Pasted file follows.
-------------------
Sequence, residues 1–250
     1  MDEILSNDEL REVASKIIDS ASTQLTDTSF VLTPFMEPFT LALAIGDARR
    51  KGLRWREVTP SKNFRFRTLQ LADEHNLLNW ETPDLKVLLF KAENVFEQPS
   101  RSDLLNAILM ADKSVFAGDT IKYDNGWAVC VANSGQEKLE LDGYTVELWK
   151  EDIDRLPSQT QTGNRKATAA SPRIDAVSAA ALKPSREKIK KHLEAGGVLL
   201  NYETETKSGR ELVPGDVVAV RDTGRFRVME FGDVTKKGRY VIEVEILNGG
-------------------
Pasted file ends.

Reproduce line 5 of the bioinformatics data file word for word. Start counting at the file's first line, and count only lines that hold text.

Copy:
   151  EDIDRLPSQT QTGNRKATAA SPRIDAVSAA ALKPSREKIK KHLEAGGVLL